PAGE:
You want more Riot? Well here you go. Ravager Wurm not only blows up a transformed Search For Azcanta, but if you choose not to do that it can destroy the opponent’s only blocker. Oh and Riot would give it haste if you choose. This creature is super strong, and anyone playing this clan will want to pack a pair in their main deck. Creatures that of themselves are removal spells are some of the strongest an aggressive deck can play. Keep in mind that Riot will resolve, and then you chose what you want to do with the card. If your opponent has a Niv-Mizzet, Parun in play you can give Ravager Wurm +1/+1. then fight Niv Mizzet. Strong.
Yet more Riot cards, and this time on a favored creature type with Zhur-Taa Goblin. Goblins are some of the most beloved creature types in Magic’s 25 year history, and this one will most assuredly reach the hearts of goblin fans out there. A 2/2 for two mana might not be a bear anymore. It might be a goblin. Of course you can hold him back a turn to make him a 3/3, but that wouldn’t be any fun now would it?
Speaking of favored creature types we have a dragon in this set…AND YES IT HAS RIOT! Skarrgan Hellkite is a five costed dragon that has an ability that only works if it has a +1/+1 counter on it. It’s mana cost suggests that this is the card you play the turn after you play Domri, Chaos Bringer, but what if I told you there was another way to get that counter and haste?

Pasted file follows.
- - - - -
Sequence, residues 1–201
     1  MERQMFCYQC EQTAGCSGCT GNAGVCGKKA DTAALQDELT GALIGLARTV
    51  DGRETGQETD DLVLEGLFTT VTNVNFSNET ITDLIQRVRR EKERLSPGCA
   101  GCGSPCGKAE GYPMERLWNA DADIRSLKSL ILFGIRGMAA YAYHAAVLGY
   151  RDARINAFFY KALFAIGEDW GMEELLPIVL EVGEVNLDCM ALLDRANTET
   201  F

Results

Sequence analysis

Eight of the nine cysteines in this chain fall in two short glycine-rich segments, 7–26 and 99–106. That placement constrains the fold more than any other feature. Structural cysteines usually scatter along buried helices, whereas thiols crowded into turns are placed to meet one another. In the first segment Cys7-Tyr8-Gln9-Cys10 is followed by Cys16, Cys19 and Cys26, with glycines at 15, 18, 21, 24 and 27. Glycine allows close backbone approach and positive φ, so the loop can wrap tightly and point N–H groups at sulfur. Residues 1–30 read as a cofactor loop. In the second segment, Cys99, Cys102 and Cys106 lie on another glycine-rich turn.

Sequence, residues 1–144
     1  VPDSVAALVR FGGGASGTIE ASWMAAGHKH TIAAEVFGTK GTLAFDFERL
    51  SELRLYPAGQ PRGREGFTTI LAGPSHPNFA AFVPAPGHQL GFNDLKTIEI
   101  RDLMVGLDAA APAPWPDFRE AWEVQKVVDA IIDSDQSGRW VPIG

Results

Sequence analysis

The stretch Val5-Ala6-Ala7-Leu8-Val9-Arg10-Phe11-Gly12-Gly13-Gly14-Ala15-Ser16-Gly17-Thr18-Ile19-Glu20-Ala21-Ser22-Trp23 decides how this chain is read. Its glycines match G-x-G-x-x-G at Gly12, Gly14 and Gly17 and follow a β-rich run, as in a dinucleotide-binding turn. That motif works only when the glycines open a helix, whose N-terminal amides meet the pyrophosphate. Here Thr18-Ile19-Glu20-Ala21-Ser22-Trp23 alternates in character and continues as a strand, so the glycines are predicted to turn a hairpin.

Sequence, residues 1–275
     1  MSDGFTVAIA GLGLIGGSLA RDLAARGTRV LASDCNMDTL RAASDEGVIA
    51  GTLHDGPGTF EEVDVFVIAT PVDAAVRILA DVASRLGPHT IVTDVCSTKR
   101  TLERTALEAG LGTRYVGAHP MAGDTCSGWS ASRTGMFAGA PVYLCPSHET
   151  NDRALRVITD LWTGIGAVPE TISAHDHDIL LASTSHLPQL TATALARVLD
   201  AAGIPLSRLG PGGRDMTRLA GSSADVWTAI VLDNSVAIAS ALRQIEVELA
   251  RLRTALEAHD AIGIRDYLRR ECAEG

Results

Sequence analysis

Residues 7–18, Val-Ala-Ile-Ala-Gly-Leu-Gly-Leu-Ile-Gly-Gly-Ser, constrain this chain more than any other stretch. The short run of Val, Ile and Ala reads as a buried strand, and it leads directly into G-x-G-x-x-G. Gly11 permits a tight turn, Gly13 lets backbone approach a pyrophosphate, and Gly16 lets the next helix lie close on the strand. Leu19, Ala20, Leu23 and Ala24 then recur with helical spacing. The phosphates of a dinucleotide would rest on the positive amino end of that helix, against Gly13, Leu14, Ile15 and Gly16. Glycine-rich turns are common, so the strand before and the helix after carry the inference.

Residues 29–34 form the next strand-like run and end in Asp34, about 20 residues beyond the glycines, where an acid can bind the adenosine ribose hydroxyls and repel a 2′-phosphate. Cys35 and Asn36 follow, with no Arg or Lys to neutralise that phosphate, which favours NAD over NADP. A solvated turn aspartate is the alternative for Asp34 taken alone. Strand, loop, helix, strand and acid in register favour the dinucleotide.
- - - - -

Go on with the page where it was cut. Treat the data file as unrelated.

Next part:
Rhythm of the Wild is one of the cards at the top of most people’s lists of cards to discuss, and there’s plenty of reasons why. Coming down early it protects you from your creature spells being countered, and also gives them the Riot keyword. So that dragon I spoke of above can be a 5/5 with haste for five mana, and not be countered. Absolutely absurd for us control mages. Luckily this card is only an uncommon, but still it’s going to be a card you’ll want to have for your super aggressive deck.
Now we get to a ridiculous card that will be seeing a lot of play. Thrash allows your creature to deal damage TO PLANESWALKERS, which then allows you to attack the opponent with that creature. That’s bonkers. Sure the Threat side is nice, and if you did the right side first you have something for the left side, but still this card is quite pushed. A Gruul deck would be limited on it’s removal spells, but this one here seems to fit perfectly with a deck built around the Gruul Clans. Have your counterspells ready, friends.
My issue with this guild, and how it was designed, is about as big as the ambitions of the Gruul Clans. I have a feeling, just like before with the design of Dissension that there was a concern Azorius decks would be “too good” (FYI they wouldn’t have been) so Domri and company were all pushed super hard. I understand having a need to design cards to have this constant push pull between archetypes, but the Gruul cards seem to bring this over the top…which is kind of in theme anyway. This could also be the guild to play at pre-release due to it’s aggressive nature.
That’s it for today. Short, and to the point, the Gruul Clans aren’t complex as they put on the full court press with the Riot mechanic. Tomorrow I will look at the cards from the Orzhov Syndicate. Are there cards from Gruul you like that I have not mentioned? Leave a comment below, and make sure to follow me on both Facebook as well as Twitter.
TAP MORE MANA!!!
Scott Campbell, better known as MTGPackFoils, has been playing Magic since he was 17 (which was in 1993). He’s known for loving decks such as Azorius Control, Jund, and others (especially in Modern). He is a husband, father, and a former nightclub DJ.